NEWPORT NEWS, Va. – A Hampton woman pleaded guilty today to aggravated identity theft, stealing over $21,000 from an elderly client.
Court documents say 47-year-old Sandra Payne was employed to provide in-home care for an elderly client in Newport News.
During the course of her employment at that residence, Payne gained access to credit and debit card account numbers belonging to the family of her client.
Without lawful authority or the knowledge and consent of the account owners, she used that credit and debit information to purchase goods and services in excess of $21,000 at various merchants in Hampton Roads.
Payne pleaded guilty to aggravated identity theft and faces a mandatory minimum sentence of two years in prison when sentenced on May 13.
Actual sentences for federal crimes are typically less than the maximum penalties. A federal district court judge will determine any sentence after taking into account the U.S. Sentencing Guidelines and other statutory factors.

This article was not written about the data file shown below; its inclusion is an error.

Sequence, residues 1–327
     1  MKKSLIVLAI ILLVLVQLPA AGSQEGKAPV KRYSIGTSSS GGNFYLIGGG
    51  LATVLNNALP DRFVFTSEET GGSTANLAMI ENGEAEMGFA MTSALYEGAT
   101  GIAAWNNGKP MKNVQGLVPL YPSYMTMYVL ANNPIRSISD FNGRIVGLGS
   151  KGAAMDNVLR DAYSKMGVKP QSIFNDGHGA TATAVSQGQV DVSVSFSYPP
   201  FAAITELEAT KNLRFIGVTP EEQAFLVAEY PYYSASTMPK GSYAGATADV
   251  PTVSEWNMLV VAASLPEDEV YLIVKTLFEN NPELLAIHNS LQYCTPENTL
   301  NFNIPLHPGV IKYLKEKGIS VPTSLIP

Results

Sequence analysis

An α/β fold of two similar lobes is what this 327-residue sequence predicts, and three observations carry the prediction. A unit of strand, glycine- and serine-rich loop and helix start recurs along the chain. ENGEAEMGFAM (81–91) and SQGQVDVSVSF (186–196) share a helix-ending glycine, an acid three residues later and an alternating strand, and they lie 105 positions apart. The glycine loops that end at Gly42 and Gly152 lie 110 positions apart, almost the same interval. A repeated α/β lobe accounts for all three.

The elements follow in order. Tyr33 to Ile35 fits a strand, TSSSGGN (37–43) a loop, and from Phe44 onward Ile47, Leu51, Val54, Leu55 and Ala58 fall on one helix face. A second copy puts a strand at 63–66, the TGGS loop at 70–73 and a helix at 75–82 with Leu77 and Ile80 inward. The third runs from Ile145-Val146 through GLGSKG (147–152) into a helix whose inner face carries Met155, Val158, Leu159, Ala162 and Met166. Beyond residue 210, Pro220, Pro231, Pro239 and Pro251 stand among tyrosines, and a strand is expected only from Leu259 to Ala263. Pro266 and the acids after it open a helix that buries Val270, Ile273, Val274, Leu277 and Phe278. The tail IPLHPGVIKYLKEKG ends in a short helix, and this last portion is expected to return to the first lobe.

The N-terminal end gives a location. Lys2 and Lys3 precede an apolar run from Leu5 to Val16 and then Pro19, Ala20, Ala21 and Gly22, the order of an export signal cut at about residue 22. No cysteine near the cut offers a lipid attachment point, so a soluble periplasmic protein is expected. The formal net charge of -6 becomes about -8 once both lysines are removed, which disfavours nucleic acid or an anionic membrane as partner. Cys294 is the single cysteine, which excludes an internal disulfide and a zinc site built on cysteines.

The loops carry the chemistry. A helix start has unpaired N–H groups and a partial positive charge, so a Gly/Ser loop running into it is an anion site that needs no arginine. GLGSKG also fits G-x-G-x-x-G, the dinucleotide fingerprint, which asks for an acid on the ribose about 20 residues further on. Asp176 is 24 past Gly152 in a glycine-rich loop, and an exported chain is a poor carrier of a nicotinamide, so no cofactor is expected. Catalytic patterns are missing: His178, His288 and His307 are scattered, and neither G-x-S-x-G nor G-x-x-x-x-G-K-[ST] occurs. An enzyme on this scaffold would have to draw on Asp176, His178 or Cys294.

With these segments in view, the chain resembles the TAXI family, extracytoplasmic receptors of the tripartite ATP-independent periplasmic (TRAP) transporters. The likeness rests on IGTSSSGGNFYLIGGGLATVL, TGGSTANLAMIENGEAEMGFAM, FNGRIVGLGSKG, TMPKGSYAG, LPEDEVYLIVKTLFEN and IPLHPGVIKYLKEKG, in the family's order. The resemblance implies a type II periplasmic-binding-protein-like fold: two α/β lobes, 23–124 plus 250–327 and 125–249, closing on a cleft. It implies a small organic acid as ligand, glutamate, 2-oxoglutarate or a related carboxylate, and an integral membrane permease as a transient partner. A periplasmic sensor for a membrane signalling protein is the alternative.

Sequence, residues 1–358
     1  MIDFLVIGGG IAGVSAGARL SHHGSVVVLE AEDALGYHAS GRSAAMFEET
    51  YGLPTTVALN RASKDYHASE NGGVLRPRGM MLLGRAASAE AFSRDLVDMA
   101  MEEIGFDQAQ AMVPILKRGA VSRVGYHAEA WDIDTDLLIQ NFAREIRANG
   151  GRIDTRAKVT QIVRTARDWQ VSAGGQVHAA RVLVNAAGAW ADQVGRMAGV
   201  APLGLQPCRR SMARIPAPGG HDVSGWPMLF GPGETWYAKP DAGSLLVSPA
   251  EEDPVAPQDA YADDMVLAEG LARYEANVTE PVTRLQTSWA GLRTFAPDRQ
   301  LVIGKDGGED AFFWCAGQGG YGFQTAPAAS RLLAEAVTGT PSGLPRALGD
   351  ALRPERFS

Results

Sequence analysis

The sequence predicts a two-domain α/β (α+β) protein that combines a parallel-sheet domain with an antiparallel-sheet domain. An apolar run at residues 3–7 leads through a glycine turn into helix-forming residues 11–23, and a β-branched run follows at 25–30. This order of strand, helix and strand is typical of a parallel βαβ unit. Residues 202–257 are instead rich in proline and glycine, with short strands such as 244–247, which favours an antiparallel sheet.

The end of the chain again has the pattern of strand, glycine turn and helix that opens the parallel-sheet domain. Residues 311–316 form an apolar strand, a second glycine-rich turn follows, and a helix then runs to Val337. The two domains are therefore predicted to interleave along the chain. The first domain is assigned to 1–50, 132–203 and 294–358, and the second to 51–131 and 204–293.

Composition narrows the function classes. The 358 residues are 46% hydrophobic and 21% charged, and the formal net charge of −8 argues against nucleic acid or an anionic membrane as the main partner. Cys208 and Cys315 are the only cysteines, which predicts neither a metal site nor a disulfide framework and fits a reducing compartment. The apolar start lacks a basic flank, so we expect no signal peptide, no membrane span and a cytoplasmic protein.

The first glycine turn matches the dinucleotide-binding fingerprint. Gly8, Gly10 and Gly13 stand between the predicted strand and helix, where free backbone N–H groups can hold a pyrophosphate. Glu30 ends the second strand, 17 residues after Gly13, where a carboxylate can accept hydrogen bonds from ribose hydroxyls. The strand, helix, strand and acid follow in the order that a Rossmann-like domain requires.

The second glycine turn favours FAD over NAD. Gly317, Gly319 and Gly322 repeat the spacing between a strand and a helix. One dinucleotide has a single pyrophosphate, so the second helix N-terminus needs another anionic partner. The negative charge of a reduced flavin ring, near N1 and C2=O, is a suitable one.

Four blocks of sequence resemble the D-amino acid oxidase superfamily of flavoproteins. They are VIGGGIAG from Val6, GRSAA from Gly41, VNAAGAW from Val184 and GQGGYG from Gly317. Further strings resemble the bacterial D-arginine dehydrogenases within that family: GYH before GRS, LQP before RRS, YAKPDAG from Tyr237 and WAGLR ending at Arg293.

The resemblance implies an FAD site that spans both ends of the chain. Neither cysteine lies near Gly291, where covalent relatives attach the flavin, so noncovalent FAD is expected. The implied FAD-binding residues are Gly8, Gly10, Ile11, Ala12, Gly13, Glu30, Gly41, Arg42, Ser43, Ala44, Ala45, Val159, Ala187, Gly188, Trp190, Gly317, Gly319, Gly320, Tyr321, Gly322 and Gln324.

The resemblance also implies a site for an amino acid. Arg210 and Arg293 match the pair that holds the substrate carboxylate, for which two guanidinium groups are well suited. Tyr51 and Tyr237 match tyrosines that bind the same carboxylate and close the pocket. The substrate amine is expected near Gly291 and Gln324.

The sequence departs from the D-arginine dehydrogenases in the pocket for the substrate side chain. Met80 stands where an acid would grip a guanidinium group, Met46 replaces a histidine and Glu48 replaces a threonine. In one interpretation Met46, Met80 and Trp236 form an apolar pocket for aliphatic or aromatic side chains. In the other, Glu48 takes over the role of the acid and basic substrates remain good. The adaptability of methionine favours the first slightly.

In 2018, the Department of Justice and its law enforcement partners coordinated the largest sweep of elder fraud cases in history.
The cases involved more than 250 defendants from around the globe who victimized more than a 1 million Americans, most of whom were elderly. The cases include criminal, civil, and forfeiture actions across more than 50 federal districts.
G. Zachary Terwilliger, U.S. Attorney for the Eastern District of Virginia, and Peter R. Rendina, Inspector in Charge of the Washington Division of the U.S. Postal Inspection Service, made the announcement after U.S. District Judge Robert G. Doumar accepted the plea.
Assistant U.S. Attorney Megan M. Cowles and Special Assistant U.S. Attorney Chad W. McHenry are prosecuting the case.